(,9171,1873122,00.html). My story is another example. I have hundreds of rejection letters from the people who "knew" what would sell and what would not. I started giving my stories away via podcast, and three years later hit the NY Times extended list with my second hardcover, CONTAGIOUS. Cory Doctorow continues to prove, over and over again, that if you give your content away, fans will discover you, fans that are happy to pay for your work. Upcoming novels by J.C. Hutchins (7th SON, St. Martin's Press) and Seth Harwood (JACK WAKES UP, Three Rivers Press) will outsell the vast majority of new authors hitting shelves at the same time. Does it make sense to regularly hand out advances, pay editorial, production and sales staff, pay print costs, distributions costs and take returns on books that are proven to no one other than a handful of staffers who work under one roof? Repeat this formula for the hundreds of thousands of titles printed every year, and it's no wonder the system is collapsing in on itself. Publishing needs to start watching free content, monitoring it like pro football scouts watching the college ranks. Authors that can build an audience before Big Publishing ever steps in are the "blue chip" recruits of the literary world. People like Mur Lafferty, Matt Wallace, Mark Jeffrey and Tee Morris already have thousands of people listening to their stories -- why haven't publishers snatched them up? These people have proven their potential to readers, not to editors, not to publishers, and not to critics. It's a business, and happy readers are what makes everything happen. 

I would like to see publishers spend less money on the big celebrity and political books so that debut novelists, and other authors of serious fiction and nonfiction can get a fair shake. There are so may great, media-driven books that do not get their just deserts regarding publicity and advertising budgets because there is so little money left over after the million dollar advances go toward books that will never, ever earn out their advances. If money were more evenly distributed, more authors would earn a reasonable income, more books would receive media coverage, and there would be more balance in the industry as whole which would serve authors and readers alike.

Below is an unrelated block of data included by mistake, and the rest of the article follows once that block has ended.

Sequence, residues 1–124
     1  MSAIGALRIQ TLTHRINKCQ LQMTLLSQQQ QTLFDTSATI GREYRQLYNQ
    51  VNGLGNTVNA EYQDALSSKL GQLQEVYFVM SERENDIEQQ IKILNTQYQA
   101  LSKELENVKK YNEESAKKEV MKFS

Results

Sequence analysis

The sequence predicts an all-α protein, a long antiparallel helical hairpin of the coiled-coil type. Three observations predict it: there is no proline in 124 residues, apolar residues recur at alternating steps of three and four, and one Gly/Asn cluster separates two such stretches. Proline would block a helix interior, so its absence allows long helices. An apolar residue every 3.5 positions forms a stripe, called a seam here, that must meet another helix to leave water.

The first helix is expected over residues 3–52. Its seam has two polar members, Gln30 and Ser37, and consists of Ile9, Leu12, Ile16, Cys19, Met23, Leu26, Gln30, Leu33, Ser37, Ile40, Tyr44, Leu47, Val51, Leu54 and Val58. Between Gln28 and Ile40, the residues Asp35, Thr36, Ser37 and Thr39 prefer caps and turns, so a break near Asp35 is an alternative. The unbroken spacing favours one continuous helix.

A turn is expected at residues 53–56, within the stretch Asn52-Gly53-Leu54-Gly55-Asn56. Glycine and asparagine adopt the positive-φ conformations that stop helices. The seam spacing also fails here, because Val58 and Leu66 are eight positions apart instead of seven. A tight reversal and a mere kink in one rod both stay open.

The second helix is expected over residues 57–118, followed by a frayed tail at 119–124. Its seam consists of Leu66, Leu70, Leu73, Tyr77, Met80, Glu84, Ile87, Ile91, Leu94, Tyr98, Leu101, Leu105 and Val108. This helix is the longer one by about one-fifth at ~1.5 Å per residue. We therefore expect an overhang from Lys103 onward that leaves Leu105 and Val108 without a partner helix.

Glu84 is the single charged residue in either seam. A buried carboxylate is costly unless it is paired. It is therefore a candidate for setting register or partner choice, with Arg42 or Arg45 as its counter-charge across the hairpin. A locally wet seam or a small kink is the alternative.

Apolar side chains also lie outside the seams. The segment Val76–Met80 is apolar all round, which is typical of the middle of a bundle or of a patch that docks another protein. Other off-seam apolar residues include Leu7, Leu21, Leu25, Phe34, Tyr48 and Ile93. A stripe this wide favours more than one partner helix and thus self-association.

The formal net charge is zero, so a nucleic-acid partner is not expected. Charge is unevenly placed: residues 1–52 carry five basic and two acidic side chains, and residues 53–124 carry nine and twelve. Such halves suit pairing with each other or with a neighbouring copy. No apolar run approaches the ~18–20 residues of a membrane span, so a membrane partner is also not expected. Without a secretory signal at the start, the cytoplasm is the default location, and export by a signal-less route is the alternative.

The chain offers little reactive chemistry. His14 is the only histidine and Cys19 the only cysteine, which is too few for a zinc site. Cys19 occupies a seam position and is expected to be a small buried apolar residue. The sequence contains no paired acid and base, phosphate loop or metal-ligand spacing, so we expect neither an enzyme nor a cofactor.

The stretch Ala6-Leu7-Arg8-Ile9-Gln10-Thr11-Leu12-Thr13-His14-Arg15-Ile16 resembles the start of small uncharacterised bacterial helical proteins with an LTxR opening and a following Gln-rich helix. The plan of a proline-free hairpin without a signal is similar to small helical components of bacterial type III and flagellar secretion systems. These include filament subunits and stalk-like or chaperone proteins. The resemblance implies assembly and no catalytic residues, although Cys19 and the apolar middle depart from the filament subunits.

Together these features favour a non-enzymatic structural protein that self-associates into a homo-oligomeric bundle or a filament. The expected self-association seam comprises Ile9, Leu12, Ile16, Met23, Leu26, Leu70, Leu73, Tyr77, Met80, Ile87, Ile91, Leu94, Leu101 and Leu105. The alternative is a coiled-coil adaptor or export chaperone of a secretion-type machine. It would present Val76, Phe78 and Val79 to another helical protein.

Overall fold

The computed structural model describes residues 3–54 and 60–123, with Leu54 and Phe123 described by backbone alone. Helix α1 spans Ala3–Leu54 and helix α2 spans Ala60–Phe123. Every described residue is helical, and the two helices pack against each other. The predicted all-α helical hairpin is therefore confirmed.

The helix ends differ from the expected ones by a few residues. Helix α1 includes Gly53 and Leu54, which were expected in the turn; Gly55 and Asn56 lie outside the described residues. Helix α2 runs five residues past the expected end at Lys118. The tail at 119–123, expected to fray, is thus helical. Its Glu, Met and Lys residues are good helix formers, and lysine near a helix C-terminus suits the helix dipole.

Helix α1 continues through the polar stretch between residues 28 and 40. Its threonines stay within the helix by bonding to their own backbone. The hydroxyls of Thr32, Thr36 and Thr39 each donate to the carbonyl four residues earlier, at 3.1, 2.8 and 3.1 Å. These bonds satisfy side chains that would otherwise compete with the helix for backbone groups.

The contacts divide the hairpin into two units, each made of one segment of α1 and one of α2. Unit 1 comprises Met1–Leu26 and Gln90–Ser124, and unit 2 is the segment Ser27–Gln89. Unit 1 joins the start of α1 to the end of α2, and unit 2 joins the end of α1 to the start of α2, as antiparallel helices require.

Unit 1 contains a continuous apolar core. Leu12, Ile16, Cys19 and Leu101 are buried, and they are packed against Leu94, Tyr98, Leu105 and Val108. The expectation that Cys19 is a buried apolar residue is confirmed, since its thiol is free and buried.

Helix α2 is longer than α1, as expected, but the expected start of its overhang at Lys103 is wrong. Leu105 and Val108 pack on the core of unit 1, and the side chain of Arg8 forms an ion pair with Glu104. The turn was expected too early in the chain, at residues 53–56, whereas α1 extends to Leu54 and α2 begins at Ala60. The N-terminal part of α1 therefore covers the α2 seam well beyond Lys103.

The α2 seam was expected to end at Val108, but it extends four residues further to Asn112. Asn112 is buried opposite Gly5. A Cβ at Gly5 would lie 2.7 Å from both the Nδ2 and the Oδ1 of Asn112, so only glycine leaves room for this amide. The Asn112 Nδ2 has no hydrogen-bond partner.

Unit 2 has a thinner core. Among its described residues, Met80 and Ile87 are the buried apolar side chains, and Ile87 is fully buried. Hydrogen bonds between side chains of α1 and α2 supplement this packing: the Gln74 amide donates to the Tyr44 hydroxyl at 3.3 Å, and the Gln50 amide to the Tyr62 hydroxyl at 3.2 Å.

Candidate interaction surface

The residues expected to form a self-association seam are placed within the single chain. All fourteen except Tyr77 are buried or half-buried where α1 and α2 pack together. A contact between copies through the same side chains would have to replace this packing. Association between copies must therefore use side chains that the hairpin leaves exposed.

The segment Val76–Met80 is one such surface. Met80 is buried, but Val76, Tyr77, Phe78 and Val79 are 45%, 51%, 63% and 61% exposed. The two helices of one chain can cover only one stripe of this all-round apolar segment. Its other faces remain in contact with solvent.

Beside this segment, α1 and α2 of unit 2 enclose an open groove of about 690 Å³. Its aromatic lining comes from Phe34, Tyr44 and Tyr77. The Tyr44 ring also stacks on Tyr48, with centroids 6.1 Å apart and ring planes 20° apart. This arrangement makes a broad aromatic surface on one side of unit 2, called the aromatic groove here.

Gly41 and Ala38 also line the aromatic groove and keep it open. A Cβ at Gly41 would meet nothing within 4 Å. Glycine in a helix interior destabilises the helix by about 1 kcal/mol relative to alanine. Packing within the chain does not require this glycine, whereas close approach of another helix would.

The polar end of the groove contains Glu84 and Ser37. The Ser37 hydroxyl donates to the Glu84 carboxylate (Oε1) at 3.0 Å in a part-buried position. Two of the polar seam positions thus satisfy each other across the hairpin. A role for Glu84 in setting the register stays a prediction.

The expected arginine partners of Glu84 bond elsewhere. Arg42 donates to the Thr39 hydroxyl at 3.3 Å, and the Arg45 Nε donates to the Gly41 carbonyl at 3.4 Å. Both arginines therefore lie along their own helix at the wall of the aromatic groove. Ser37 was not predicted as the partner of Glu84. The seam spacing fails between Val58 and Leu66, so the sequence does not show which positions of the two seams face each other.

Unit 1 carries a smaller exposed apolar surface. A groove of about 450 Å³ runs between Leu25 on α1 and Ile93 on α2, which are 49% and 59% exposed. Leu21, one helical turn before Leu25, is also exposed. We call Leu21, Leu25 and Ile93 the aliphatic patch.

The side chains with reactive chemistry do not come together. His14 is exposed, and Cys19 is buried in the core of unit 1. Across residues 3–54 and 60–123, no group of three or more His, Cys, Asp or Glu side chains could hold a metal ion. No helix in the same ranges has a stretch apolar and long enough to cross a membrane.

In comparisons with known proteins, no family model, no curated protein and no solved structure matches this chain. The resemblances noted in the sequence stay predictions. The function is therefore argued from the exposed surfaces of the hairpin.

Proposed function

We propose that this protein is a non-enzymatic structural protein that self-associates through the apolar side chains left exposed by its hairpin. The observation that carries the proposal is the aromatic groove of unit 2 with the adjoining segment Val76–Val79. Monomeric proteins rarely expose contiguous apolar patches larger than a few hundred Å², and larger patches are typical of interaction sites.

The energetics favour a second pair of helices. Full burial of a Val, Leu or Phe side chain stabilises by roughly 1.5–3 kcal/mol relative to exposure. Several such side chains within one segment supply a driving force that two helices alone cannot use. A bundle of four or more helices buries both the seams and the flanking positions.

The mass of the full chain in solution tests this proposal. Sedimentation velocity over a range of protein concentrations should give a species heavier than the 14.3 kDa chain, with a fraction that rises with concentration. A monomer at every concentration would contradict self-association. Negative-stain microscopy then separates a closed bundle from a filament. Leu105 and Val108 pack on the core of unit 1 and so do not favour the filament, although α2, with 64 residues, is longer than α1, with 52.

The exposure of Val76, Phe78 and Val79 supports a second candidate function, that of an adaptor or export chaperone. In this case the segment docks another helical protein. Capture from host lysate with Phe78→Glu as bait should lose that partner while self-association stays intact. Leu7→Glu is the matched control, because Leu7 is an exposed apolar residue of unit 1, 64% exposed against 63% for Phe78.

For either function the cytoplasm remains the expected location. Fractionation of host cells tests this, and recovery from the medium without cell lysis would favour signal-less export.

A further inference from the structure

The industry could use more sex, rock and roll, and any other form of recreation that will permit the austere types to loosen up. The inability from some to pursue fun and to foster curiosity was bad enough before all the layoffs, but it's now reached a catastrophic level. If you're working at a house, you could lose your job tomorrow. If you're a midlist author, you could be dumped tomorrow. If you're an independent bookstore proprietor, tomorrow you may not have the energy to prevent yourself from decking the insensitive lout who boasts about how he'll buy the book you've highlighted on the table at Amazon. Good eggs are disappearing and it's all very sad, but the true eggs will stay. Remember that nature abhors a vacuum. If we approach these concerns with anything that might cause us to remain bouncy and buoyant, then we're one step ahead of the dour D-Fenses who will implode and start metaphorically shooting people in the streets tomorrow. If you're not passionate about books, get out of this business. If you're not willing to fight for something better, get out of this business. If you're not willing to dust yourself off the ground, get out of this business. If you're not helping others and you're being selfish about preserving your meager place on the ladder, get out of this business. If on the other hand you're living in the present and paying attention to the future, and you have the chops and the fortitude to persuade the stubborn holdouts (even if it means bracing a John Anderson-like blow, as Jeff Dowd did last week), then you're absolutely vital to the future of publishing. You're needed. And you must go in and change things for the better.

Stay tuned for Part 3 tomorrow. Read Part 1. If you work in publishing (author, editor, agent, critic, bookseller or reporter) and would like to participate, email me at with your response to "What is one thing you would you do to change book publishing for the better?" and I will post it.